Senate committee's doubts about TWIC grow

Challenges persist with TWIC program: GAO

Implementation delays and high costs are draining confidence in the Transportation Security Administration’s Transportation Workers Identity Credential program, members of the Senate Commerce, Science and Transportation Committee told TSA officials April 12.

TSA officials blamed the delay on the agency’s need to adopt and test new standards before fully implementing the TWIC program, which will issue biometric smart cards for use as a standard identification badge for nearly 850,000 maritime-port transportation workers nationwide.

The program was supposed to start this month, but it has been delayed until the fall, said Sen. Tom Carper (D-Del.).

“I don’t think there can be a lot of optimism that this program can meet any of the targets that have been outlined,” said Sen. Frank Lautenberg (D-N.J.). The hearing was a follow-up to a similar one a year ago.

The TWIC program will require 770,000 maritime and port employees at 3,500 facilities and on 5,300 vessels to carry a smart card that includes biometric and personally identifiable data. Workers will be expected to pay $137 for the card and background check. Final rules for the cards were published in January 2006. The program has gone through several prototype phases and several contractors before the award of a $70 million contract to Lockheed Martin for the rollout.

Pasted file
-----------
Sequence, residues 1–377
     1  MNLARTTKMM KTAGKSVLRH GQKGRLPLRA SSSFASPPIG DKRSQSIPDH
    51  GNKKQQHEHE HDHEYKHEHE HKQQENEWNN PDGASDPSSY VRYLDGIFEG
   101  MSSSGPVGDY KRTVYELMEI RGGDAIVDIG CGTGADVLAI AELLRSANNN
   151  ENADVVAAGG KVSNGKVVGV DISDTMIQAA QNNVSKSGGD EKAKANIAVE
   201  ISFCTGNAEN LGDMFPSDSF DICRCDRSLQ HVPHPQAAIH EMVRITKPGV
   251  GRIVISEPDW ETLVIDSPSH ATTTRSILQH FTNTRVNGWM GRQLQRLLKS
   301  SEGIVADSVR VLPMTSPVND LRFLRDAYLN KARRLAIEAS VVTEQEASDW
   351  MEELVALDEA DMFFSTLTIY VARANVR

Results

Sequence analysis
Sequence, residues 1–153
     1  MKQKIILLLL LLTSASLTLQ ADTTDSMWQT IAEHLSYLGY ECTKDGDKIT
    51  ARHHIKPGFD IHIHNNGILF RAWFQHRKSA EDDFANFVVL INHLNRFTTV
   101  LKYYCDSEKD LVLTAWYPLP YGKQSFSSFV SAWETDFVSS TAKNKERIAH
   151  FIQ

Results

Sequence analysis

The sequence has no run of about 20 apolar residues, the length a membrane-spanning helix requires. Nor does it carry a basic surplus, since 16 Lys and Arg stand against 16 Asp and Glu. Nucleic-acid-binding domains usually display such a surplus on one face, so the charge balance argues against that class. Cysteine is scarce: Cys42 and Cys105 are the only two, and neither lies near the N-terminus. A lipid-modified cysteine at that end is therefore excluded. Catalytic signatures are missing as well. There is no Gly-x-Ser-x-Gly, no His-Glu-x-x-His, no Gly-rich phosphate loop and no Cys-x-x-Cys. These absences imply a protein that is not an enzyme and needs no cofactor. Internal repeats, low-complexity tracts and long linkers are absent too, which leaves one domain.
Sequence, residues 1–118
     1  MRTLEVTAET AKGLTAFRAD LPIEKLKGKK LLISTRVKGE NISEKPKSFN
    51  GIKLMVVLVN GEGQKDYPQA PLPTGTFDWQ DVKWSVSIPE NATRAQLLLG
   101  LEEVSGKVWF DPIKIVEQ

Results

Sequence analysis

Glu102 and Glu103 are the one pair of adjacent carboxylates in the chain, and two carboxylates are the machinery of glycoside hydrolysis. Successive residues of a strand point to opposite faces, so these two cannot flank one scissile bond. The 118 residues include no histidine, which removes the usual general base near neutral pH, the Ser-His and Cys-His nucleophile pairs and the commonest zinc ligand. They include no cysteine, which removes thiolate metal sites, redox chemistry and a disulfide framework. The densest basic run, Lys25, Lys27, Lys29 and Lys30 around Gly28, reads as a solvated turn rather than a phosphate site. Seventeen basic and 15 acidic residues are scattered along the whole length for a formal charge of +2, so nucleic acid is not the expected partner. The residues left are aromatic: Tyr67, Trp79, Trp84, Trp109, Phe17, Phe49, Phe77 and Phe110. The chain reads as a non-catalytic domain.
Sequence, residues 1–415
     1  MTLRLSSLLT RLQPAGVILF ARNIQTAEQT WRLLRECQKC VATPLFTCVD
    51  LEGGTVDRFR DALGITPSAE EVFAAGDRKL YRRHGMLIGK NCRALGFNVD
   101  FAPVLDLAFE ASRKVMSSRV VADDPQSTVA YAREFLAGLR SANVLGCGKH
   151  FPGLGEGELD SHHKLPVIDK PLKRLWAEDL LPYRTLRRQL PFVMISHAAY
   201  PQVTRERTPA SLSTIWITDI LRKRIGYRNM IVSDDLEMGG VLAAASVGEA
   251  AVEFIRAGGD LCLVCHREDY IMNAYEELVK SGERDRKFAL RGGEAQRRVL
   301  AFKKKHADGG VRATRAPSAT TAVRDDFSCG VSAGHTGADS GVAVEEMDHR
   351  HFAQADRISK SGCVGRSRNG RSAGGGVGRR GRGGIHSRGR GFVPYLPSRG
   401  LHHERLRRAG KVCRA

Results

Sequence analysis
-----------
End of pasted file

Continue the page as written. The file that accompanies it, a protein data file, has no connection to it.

Government Accountability Office officials criticized the prototype card as “underwhelming,” noting that TSA’s sample for a test deployment was too small to get an accurate measure of the card’s effectiveness.

“It’s not off to a very auspicious start,” said Norman Rabkin, managing director for homeland security and justice at GAO.

Compounding the delays are new card architecture standards, which cleared a public-comment period in February. Those comments could require more testing of the standards, which could further delay the next step for TWIC implementation.

“We’re not going to move forward until the testing is done,” said Kip Hawley, assistant secretary at TSA. He called the network behind the card “complex.”

Featured

  • FCW PERSPECTIVES
    sensor network (agsandrew/Shutterstock.com)

    Are agencies really ready for EIS?

    The telecom contract has the potential to reinvent IT infrastructure, but finding the bandwidth to take full advantage could prove difficult.

  • People
    Dave Powner, GAO

    Dave Powner audits the state of federal IT

    The GAO director of information technology issues is leaving government after 16 years. On his way out the door, Dave Powner details how far govtech has come in the past two decades and flags the most critical issues he sees facing federal IT leaders.

  • FCW Illustration.  Original Images: Shutterstock, Airbnb

    Should federal contracting be more like Airbnb?

    Steve Kelman believes a lighter touch and a bit more trust could transform today's compliance culture.

Stay Connected

FCW Update

Sign up for our newsletter.

I agree to this site's Privacy Policy.